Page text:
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Richard Goldstein

PostPosted: Wed Apr 01, 2015 9:55 am
by Garth Cartwright
I heard him on Radio4 this morn' talking about his new memoir which focuses on him listening to and writing on 1960s r&r. He's a bit of a name dropper - "as Jim Morrison said to me..." - but as he was there interviewing the stars this is, I guess, understandable.

Thing is, I don't recall ever reading anything by him. Is he worth checking out? A quick glance at his wiki suggests he has focused on LGBT issues over recent decades (he mentioned coming out in the 70s on the radio). So: is it worth me taking a punt on his new book? As he knew Lennon I'm guessing Adam has read him at some point?

https://www.kirkusreviews.com/book-revi ... -my-heart/

Re: Richard Goldstein

PostPosted: Wed Apr 01, 2015 1:54 pm
by john poole
Review by Richard Williams here -
http://thebluemoment.com/2015/03/19/the ... ck-critic/

I've not read anything by him for a long while but still have a copy of the 1970 paperback "Goldstein's Greatest Hits" an anthology of his writing from 1966/8 mostly for the Village Voice, purchased for 45p, probably from Compendium Books in Camden at a time when books about rock and pop music were still few and far between. I also bought his next book "The Poetry of Rock" although I suspect that may not have lasted so well.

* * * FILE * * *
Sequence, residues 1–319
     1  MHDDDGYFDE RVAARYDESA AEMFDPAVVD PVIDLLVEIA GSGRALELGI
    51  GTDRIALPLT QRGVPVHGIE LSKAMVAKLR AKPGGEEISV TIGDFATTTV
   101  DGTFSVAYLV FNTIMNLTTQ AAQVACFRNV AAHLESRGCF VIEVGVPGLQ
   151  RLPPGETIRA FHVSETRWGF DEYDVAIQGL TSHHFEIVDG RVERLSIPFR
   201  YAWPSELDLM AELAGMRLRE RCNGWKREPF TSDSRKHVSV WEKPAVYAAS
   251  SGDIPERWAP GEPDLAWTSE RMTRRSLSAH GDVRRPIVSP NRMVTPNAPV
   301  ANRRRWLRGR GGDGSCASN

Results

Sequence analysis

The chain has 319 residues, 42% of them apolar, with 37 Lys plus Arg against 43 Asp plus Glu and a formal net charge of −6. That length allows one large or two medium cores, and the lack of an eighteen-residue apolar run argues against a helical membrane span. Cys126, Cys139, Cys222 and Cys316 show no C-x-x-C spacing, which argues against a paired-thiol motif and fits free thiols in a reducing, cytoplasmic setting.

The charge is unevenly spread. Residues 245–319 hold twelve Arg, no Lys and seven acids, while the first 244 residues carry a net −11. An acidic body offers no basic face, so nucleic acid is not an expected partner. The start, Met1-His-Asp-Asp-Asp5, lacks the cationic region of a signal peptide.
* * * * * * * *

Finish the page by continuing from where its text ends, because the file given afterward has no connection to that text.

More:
Re: Richard Goldstein

PostPosted: Sun Aug 09, 2015 1:29 pm
by john poole
I’ve now read the book having been surprised to find a copy in a local library. The author claims to have previously resisted writing a memoir, but changed his mind after reading and being inspired by Patti Smith’s “Just Kids”. It’s his personal story of his life and the 60s looking back critically at himself and the times, the music and the activism - his enthusiasms and his disillusionments. At times it does seem that almost unbelievably he met everyone and was everywhere that mattered. He now considers that he was an excellent skeptic, but an uneven critic who could be both right and wrong in the same piece, recalling how he praised the Doors’ first album …. apart from the one weak cut - ‘Light My Fire’.

Janis Joplin he writes, was the “most self-conscious performer” that he’d ever met, but the one from the time who he loved and identified with - he notes how the other members of Big Brother & the Holding Co. kept a close eye and cared for her - “it was obvious and it moved me”. In contrast the other members of the Doors, he observed, had a “simmering contempt” for Jim when he was drunk. He had lost touch with Janis by the time of her death, but came down with some kind of writer’s block after hearing the news.

I think those with an interest in the period would probably find it worthwhile reading, although I’d recommend first searching out a copy of “Goldstein’s Greatest Hits” containing his original writing from 1966-8, mainly for The Village Voice. Prior to buying that book some time early in the 1970s I think I was only aware of him from his quote on the sleeve for the Velvet Underground & Nico - "a secret marriage between Bob Dylan and the Marquis de Sade"